That was the primary problem with my desire to be a photographer. And to be fair, as humans, we learn through imitation, all of our life. I was young and I saw something cool, sexy, and exciting - and accessible. I can't blame myself for wanting it or even for trying to get it. The issue is that this mindset still lingers around us for ages and ages and ages. It infects who we are, it infects our shutter finger and it's a copy-paste virus in our Lightroom catalog. Our Instagram feed and Facebook page. It takes us over. And we become too focused on how we want to appear to others, rather than delivering the best product and the best price with the best service and communication.
I call for, instead, a slow-down to 50% and an audit of why you and I are even in this business. Is it cool and sexy and fun to be a photographer? I cannot truthfully say that I am less excited to be a photographer than I would be as a port-a-potty salesman. I get it, because I'm there and it's awesome. The problem comes when we want to portray a version of ourselves that just isn't true or accurate. Then a client or a fan sees that, and there's a disconnect and a confusion because your internet-persona doesn't line up with your day-to-day.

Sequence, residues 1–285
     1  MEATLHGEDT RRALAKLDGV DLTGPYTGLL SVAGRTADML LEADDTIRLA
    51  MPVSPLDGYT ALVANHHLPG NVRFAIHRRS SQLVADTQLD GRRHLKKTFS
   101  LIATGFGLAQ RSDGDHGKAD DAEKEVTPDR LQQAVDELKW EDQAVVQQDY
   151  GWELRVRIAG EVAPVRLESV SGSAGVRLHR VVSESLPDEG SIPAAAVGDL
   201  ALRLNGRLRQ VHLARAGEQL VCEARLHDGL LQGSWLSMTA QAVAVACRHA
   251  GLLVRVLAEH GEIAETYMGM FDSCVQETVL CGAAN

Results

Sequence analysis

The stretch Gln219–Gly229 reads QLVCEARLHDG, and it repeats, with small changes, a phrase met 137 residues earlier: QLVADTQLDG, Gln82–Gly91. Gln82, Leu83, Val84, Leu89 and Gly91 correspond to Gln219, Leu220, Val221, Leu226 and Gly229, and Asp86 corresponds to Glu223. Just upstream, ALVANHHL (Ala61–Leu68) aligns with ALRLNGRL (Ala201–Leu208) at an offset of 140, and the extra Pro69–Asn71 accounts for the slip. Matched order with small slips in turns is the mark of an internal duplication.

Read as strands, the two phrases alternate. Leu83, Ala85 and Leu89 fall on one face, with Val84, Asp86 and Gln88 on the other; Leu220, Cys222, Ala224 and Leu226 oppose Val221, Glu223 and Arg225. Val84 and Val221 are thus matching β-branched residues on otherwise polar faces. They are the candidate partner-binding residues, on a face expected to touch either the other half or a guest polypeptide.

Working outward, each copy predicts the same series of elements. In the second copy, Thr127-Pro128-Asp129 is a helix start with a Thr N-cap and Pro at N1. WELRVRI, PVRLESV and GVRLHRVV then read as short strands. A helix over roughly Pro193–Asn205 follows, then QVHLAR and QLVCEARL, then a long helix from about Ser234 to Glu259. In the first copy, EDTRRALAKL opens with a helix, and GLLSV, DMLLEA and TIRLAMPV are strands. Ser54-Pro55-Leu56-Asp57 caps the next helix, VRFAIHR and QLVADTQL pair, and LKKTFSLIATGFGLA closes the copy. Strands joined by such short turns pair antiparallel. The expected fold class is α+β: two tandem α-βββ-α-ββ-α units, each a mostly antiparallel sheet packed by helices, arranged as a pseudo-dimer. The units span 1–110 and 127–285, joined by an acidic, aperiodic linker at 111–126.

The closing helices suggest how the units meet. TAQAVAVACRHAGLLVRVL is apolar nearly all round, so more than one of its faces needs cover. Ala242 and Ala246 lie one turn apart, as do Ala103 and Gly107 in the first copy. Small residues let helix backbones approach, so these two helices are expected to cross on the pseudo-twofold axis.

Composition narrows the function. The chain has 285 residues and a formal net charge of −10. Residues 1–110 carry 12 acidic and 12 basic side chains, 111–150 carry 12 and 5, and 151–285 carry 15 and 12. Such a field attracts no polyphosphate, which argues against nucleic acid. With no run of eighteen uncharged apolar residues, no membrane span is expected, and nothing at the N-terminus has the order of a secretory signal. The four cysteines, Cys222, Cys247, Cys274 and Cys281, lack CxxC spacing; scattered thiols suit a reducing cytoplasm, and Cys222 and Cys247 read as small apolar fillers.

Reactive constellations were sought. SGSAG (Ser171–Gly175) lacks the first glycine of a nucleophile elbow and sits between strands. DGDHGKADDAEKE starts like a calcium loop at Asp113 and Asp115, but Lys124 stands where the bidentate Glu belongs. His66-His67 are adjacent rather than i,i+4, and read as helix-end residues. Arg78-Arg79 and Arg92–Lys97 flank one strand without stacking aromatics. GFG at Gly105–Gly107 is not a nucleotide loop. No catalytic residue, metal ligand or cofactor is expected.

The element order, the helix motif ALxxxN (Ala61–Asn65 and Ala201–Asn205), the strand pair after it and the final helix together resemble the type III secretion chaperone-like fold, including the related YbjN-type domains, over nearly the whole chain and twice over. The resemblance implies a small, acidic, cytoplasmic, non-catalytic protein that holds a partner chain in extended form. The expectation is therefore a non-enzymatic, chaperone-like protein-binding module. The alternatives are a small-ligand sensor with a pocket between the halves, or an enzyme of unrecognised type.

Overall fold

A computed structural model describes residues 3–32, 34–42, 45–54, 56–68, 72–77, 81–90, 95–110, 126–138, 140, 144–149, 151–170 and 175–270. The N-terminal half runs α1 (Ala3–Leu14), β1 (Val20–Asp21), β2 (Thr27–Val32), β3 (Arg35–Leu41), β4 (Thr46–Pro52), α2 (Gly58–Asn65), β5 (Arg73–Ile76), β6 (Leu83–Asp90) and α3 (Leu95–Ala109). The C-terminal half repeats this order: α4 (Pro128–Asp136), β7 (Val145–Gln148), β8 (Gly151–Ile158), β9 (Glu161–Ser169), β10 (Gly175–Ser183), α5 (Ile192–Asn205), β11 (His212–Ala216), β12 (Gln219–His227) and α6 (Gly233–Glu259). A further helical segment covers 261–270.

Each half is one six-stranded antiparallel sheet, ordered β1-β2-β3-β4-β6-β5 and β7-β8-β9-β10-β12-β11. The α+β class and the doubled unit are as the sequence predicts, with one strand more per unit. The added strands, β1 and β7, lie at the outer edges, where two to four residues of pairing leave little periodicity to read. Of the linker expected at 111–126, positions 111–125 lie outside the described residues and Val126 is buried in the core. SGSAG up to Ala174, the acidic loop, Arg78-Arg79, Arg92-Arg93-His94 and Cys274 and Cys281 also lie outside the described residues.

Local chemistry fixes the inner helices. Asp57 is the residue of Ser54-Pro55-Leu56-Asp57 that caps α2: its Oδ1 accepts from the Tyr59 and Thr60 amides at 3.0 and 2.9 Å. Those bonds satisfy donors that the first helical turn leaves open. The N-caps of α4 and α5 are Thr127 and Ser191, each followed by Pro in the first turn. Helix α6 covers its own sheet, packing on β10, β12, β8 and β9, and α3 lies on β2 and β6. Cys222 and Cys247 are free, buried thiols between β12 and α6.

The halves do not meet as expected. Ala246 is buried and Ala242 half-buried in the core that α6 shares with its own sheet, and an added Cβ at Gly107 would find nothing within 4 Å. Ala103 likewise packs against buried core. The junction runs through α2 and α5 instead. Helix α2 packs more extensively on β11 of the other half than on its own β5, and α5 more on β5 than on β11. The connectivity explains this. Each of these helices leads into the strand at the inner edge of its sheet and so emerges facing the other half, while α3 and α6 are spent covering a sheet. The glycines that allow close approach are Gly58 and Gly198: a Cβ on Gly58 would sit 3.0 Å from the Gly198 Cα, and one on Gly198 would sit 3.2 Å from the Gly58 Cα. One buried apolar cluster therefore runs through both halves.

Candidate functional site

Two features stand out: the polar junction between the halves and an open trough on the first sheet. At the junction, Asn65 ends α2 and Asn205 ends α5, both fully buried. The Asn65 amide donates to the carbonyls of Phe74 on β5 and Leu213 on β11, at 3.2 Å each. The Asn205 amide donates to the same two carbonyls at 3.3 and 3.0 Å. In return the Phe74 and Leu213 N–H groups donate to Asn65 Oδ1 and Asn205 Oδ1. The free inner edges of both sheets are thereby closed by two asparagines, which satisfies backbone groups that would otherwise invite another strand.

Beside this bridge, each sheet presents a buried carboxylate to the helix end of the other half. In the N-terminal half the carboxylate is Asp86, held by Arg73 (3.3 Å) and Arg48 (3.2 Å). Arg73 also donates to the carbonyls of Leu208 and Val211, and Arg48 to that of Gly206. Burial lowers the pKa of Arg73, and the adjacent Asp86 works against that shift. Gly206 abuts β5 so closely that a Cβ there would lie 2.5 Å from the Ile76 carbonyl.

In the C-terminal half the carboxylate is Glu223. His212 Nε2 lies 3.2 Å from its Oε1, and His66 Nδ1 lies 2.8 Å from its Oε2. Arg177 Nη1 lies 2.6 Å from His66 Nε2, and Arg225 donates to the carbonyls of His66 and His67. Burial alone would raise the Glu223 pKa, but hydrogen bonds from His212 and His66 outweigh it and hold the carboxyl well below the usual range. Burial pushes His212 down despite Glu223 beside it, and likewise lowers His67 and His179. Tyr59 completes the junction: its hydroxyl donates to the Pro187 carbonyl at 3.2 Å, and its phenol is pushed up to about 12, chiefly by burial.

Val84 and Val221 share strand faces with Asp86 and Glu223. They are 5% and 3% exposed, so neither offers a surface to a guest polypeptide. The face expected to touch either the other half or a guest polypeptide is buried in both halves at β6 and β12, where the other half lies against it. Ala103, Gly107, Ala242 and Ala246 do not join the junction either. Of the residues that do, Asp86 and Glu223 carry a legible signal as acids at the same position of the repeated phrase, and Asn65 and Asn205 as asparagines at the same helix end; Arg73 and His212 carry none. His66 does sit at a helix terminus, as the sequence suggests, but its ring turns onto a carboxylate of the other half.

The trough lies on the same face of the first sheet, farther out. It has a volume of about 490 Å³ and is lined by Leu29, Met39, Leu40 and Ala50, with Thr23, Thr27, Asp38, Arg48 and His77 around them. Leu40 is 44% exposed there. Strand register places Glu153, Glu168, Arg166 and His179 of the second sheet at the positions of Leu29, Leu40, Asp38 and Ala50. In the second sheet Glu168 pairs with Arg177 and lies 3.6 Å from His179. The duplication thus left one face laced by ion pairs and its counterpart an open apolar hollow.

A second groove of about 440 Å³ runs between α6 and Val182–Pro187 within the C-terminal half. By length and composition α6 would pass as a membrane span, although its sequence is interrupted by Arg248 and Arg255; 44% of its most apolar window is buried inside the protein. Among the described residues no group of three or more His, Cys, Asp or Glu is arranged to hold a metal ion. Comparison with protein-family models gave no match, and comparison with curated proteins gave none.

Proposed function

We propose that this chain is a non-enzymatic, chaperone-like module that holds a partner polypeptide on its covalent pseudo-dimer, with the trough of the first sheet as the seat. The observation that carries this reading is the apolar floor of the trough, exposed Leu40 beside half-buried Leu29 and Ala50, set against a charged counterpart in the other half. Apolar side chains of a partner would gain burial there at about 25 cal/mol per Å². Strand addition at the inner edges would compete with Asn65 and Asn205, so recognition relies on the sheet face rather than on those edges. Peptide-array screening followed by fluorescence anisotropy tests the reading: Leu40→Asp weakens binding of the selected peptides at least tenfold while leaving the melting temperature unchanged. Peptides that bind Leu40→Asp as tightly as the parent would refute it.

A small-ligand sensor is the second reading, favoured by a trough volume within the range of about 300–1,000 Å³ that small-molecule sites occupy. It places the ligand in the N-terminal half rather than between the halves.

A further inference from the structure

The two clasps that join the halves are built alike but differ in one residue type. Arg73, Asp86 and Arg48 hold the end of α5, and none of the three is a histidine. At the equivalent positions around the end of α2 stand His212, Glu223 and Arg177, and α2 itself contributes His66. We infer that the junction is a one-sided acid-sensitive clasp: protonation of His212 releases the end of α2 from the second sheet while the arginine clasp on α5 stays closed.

Vulnerability and honesty in your business and media presence will push you further than you could think. There's no need to construct walls that feign your success.
I still have a TON of things to figure out. A lot of students and photographers from my community will occasionally say things like "oh, how could you have "x" happen, you're x/y/z, that I don't get it." In those times, I realize that I haven't communicated my vulnerability well enough. I haven't been transparent enough about who I am. Is it all my own fault? No, not at all. I think I do a good job of breaking down the successful, famous, amazing photographer stereotype that sometimes comes with this job, because I am not any of those things.